The Sakya Dechen Ling Sangha and Dharma friends were once again very happy and fortunate to be able to receive and host an auspicious visit from Lama Jampa Thaye in Stuttgart on 4 to 5 February.
As an indication of his growing confidence in the establishment of a strong and vibrant centre of Sakyapa Dharma here in South Germany, Lama Jampa taught the second and final part of Bhavideva's '50 Verses in Praise of The Guru' along with the commentary written by the great 16th century yogin and scholar Tsarchen Losal Gyamtso, founder of the Tsarpa branch of the Sakya tradition. This wonderful text clarifies completely the importance and significance of the Vajrayana master, and being able to study it with Lama Jampa thus lays the foundations for us to be able to continue to receive an abundance of Vajrayana teaching in the future with full confidence and understanding.
On the second day of his visit Lama Jampa then graciously bestowed on us the initiation of Black Manjusri. This special form of Manjusri is one of the 13 Golden Dharmas of Sakya. Along with the transcendental accomplishment of leading to ultimate enlightenment, this special Sakyapa deity bestows mundane accomplishments such as protection from fears, sicknesses, disturbing influences etc., all of which are most appropriate for Sangha members engaged in their daily lives, as well as helping to remove all possible obstacles and inauspicious constellations that may otherwise have hindered the continuing growth and stability of our beautiful Sakya Dechen Ling. As a fitting conclusion to the visit, the initiation was followed by a Tsok offering ritual to the Lama in the form of Guru Rinpoche.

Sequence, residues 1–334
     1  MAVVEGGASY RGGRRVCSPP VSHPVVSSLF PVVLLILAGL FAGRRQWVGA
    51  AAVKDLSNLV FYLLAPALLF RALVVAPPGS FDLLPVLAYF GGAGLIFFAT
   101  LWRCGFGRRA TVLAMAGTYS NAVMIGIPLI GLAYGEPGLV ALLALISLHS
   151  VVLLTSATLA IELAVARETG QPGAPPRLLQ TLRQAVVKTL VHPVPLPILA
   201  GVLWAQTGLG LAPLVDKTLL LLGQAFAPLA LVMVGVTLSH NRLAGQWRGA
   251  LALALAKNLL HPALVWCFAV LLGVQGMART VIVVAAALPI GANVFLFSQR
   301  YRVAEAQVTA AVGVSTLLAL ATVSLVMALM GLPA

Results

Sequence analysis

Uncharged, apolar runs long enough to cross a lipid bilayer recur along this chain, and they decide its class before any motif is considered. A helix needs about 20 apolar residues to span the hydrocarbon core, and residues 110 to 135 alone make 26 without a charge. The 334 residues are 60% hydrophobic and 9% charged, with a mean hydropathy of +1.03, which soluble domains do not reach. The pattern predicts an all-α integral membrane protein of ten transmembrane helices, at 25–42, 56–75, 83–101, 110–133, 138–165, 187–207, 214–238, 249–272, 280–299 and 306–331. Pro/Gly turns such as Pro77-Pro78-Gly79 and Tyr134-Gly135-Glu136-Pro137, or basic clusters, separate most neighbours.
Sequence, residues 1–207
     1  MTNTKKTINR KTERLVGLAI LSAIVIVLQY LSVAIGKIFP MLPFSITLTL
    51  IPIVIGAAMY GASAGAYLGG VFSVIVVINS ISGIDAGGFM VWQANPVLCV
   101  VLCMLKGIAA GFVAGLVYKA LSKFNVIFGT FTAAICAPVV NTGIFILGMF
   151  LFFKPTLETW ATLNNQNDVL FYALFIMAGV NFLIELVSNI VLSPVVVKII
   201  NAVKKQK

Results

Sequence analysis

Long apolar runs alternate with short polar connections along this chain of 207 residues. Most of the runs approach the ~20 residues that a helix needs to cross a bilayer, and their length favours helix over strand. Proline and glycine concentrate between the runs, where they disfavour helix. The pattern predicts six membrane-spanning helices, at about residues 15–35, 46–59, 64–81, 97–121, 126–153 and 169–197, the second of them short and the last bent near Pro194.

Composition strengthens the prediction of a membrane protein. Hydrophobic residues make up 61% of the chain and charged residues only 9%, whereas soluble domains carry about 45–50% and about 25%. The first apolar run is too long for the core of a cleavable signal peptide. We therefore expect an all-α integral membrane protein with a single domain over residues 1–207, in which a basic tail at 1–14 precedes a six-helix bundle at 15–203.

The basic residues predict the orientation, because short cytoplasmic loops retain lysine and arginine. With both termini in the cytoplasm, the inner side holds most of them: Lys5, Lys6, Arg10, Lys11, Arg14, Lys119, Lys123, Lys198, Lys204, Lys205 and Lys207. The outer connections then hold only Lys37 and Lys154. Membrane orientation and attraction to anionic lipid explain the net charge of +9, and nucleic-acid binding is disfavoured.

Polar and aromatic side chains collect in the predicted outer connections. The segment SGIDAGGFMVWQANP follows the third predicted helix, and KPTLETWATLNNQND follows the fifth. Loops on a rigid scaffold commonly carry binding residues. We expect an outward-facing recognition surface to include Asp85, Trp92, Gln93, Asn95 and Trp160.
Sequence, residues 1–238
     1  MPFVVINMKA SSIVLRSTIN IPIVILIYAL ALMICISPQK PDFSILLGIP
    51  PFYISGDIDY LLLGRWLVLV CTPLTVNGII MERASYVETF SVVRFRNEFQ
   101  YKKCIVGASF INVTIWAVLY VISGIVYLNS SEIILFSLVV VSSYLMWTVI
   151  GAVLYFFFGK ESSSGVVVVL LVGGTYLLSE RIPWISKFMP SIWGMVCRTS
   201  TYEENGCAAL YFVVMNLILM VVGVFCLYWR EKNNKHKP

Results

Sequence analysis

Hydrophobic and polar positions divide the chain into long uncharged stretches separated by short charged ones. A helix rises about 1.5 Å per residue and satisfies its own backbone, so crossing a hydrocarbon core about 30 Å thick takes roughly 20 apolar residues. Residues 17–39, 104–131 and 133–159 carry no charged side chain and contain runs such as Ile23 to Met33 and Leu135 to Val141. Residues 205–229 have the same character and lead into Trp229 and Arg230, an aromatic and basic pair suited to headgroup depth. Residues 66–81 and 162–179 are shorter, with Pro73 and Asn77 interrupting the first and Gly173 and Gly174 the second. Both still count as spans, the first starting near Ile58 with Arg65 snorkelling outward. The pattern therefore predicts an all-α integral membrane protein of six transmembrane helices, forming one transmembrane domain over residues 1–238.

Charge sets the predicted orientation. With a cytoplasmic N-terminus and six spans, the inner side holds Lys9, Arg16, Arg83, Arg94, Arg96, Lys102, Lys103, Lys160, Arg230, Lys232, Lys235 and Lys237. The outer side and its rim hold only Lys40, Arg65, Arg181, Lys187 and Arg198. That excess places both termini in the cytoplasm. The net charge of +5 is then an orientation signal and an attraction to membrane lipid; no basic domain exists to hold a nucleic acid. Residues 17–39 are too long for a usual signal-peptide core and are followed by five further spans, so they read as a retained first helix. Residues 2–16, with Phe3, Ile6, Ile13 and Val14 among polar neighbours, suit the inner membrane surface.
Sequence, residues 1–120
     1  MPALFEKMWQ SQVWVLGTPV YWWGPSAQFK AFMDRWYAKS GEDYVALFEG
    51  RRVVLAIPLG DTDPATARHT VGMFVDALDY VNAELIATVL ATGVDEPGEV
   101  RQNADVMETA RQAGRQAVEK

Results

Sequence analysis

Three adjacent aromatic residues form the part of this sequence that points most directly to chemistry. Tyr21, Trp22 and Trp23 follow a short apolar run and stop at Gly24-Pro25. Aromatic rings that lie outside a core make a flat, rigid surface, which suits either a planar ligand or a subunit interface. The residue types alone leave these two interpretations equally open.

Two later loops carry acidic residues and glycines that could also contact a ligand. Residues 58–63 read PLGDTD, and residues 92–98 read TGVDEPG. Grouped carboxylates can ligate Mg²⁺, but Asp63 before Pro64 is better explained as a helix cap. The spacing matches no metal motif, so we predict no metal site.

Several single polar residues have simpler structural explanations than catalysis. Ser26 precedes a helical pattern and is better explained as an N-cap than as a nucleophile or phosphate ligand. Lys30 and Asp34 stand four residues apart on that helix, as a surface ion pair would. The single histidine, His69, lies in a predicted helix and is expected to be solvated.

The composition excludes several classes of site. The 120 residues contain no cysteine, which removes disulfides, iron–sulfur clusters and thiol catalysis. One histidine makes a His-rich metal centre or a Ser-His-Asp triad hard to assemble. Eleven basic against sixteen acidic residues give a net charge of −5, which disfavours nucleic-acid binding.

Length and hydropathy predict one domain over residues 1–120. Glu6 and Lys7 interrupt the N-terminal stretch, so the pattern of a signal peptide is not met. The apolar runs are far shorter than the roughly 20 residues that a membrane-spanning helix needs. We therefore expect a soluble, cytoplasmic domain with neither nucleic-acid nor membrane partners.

Despite the very cold and snowy weather, many people were able to attend both days, and Lama Jampa expressed his thanks for all the efforts being made by all involved in Sakya Dechen Ling, and informed us he will be returning to Stuttgart in mid-June to begin teaching the 'Telescope of Wisdom', which is the commentary written by Karma Thinley Rinpoche on the famous 'Letter to a Friend' by Nagarjuna.